Wednesday 22 May 2019

Records I Forgot I Owned (part 3): Blind Obedience "Submit to the yoke" Ep, 1998

This is a band I consistently keep forgetting about. Whenever I browse through my Ep's and see the record, I remember I already forgot about it in the past. I don't remember the actual band and music, not at all, I remember that it is not the first time I haven't remembered them. How odd, right? Even more so since, when I do play it, I realize it is a good record, unfairly unremembered, and I grumble self-righteously about the intrinsic injustice of the situation. And then I promptly forgot again. I often pride myself to have a pretty sharp memory of bands and records - as opposed to birthdays for instance - but Blind Obedience always escapes me. Go figure. So today's post will be a bit like a memorandum.

And it will probably a pretty short one since I do not know much about BO. I think I got the Ep in the early 2010's on ebay (yes you may sneer) for very cheap along with a couple of other obscure crust Ep's that nobody seemed even remotely interested in (I think Blowhard was in the lot as well). I suppose it was a distro getting rid of innocent 90's crust records which, of course, I just had to save from their impending doom, aka the dreaded 1$ bin where punk records go to die with as much dignity as they can muster. Going out of fashion is heart-breaking, really. But anyway, I had never heard of BO before and I cannot say they have become a hot topic of conversation since. What I can tell you is that they were from the quiet town of Vetlanda (that's halfway between Malmö and Stockholm according to google map) and that Submit to the Yoke, released in 1998 apparently, was their only vinyl appearance. From what I can gather, BO was formed by some ex-members of two other short-lived bands, Lopun Alku (like the Bastards' song) and Brusjävlers, that I have never listened to although they did a split tape together in 1996. The Ep was released on Hepatit D (D for Dis?), a label that was run by a member of Greenscab (assuming it rings a bell for you) and another bloke in the mid/late 90's. Hepatit D put out a couple of sweet records in its short run, notably a DS-13 split Ep, an Antabus Ep and of course the Puke 2xEp reissue.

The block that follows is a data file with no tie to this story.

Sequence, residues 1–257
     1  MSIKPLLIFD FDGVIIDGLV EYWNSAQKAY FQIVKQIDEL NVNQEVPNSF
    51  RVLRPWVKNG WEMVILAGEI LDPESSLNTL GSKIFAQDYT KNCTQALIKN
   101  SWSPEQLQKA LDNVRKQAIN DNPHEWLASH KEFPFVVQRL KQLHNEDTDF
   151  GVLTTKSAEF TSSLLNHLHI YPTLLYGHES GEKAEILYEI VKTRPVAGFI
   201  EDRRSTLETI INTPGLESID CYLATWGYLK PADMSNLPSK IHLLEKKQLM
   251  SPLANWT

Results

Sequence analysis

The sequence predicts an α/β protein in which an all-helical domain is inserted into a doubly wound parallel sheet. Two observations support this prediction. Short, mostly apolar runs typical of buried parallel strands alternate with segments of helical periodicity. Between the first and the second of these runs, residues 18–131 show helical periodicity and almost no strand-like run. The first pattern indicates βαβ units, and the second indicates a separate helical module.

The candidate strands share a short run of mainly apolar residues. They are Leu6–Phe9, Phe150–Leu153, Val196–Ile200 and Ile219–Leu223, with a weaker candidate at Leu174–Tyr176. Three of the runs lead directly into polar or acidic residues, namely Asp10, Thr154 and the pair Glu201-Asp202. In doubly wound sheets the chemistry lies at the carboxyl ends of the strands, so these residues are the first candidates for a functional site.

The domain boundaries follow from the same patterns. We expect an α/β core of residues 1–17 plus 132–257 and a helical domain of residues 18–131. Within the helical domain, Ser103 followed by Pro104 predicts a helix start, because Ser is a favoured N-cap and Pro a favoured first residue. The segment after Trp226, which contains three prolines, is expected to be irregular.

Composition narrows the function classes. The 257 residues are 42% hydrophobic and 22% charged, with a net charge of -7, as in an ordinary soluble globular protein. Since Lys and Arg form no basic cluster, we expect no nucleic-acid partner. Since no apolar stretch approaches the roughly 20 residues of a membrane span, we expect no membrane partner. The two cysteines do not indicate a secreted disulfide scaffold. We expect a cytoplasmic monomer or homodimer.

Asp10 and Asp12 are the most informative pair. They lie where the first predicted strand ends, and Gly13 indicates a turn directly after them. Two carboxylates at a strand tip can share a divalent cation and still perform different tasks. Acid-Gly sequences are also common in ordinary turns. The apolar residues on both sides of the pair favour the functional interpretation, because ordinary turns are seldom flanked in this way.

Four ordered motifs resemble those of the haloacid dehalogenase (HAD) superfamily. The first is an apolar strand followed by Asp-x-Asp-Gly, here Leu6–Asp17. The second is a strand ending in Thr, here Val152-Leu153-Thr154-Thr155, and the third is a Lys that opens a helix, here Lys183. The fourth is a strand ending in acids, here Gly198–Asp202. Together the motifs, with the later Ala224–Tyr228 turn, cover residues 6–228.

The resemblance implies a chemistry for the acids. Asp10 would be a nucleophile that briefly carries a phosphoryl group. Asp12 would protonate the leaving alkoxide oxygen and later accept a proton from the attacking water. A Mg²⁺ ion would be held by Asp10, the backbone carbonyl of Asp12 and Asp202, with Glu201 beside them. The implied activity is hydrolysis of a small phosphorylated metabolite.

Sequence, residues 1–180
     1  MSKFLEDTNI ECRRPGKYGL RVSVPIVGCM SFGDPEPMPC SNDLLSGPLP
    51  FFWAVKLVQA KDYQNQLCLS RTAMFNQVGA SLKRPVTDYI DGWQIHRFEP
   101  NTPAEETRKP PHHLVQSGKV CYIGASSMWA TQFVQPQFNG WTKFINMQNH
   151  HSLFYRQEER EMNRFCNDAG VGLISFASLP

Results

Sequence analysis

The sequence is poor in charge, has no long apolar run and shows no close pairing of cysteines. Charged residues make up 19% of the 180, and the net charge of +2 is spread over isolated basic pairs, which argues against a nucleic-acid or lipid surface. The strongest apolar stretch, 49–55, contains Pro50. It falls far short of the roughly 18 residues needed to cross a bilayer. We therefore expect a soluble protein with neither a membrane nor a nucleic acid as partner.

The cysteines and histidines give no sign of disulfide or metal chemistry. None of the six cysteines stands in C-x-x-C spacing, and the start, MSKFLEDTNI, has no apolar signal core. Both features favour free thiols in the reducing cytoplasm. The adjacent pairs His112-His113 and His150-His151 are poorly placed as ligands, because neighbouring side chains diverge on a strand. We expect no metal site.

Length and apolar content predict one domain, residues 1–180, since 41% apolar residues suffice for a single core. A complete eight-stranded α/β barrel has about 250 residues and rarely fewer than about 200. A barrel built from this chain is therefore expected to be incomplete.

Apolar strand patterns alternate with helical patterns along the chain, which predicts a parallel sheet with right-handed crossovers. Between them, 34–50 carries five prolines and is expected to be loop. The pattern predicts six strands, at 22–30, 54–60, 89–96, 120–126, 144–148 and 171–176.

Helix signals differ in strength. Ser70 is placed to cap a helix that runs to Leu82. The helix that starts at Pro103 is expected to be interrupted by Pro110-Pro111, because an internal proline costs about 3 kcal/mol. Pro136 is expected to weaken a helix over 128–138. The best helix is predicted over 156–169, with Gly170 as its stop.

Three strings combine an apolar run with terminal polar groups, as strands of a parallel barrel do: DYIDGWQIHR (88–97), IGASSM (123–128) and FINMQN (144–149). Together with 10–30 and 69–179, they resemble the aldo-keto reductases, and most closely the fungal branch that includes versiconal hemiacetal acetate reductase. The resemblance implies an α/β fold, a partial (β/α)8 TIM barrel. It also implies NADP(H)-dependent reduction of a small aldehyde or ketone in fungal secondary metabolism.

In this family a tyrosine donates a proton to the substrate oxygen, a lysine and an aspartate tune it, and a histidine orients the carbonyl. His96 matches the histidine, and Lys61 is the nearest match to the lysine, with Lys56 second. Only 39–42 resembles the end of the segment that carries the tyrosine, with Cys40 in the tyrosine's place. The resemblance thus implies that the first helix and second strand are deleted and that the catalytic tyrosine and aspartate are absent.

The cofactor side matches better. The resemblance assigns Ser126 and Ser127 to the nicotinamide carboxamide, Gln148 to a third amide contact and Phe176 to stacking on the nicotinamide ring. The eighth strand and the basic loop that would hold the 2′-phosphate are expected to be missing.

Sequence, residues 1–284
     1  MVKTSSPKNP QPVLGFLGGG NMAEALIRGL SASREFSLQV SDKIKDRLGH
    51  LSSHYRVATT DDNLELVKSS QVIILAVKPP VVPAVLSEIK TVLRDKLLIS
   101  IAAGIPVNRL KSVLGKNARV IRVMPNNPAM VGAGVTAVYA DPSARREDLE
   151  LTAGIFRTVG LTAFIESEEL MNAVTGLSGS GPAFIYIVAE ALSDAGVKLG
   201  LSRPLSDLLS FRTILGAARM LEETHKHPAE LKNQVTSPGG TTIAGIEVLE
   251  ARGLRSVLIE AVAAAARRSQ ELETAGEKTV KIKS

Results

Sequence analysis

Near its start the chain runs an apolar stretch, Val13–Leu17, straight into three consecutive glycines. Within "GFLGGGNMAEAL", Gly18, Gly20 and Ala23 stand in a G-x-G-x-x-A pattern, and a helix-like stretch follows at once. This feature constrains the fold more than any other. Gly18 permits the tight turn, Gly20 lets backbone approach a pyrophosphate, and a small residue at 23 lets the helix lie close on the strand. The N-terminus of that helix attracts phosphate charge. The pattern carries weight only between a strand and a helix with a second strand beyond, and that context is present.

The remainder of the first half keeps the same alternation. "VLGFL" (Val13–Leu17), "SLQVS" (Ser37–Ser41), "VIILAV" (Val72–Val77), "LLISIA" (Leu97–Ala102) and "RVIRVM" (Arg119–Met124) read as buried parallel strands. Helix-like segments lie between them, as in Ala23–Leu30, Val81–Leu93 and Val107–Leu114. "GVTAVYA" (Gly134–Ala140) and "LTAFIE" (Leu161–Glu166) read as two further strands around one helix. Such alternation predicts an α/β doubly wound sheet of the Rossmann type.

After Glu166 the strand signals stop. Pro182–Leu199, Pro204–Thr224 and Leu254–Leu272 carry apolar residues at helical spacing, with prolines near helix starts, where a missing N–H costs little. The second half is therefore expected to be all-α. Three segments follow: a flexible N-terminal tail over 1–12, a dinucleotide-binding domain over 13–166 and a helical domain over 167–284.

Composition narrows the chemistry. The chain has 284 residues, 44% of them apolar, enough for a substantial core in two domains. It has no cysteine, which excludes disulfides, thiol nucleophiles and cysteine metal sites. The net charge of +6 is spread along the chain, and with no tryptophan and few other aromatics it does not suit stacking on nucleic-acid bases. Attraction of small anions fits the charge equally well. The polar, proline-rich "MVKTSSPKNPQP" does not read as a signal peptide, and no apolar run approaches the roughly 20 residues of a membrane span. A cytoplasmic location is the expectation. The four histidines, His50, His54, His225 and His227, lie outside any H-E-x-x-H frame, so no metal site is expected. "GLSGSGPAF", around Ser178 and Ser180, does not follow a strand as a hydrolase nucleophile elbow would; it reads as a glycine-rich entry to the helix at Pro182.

Despite this shortage of information, let me tell you that BO were absolutely furious. The cover is somewhat misleading actually. It looks a lot like someone decided to copy the Extinction of Mankind and Amebix fonts and frames and chose to exaggerate their slimy, hairy, ominous aspects but did not know where to stop so that it quickly escalated into a messy outcome. I mean, you have to focus to decipher some of the words, which is never a good thing in my book (though I do find unreadable band logos to be hilarious). It's like someone put the EOM logo in the fridge, forgot about it for two weeks and now it's gotten all mouldy and a bit ridiculous and unintentionally parodic. Unless it was the band's purpose to comment upon the irrelevant redundancy of crust aesthetics by emphasizing its most clichéd traits? Who knows? Regardless, such a cover indicates to the listener that it is a slab of old-school metal crust when it is really not (should it have been? You tell me. I was slightly disappointed upon the first listen).

BO were much faster and meaner, almost harsh at times. Of course, early Disrupt, Disfear, 3-Way Cum and State of Fear come to mind, especially when the band goes the pummeling dischargy beat and the typically groovy and catchy scando riffing, but on the whole the pace is faster and more akin to super fast and hard-hitting hardcore even grindcore bands like Filthy Christians. The excellent first song with its dirgeful introduction and the way it bursts into hardcore inferno reminds me of G-Anx and given the overall frantic pace, I suppose they were a major influence. I also cannot help hearing a black metal vibe, for the extremity and venomousness of the vocals, the sort of blast beats you find in metal and the moments when dark, almost demonic, epic riffs take over. Don't get me wrong, it is still very much in the gruff Swedish crustcore camp in terms of songwriting but there are songs when you distinctly a black metal touch and the cold and thin production probably enhances the feel (maybe not unlike Summon the Crows if you know what I mean). My favourite songs, "Bitter pills", "Blind obedience" and "Submit to the yoke" are pretty much all out cavemen crust anthems though. The lyrics are pretty direct, angry and political and "War is horrendous pt 100" questions the legitimacy of using the trope of war as merely another theme to sing about when actual fightings are so far away they are almost unreal (and I dig the Sore Throat reference obviously).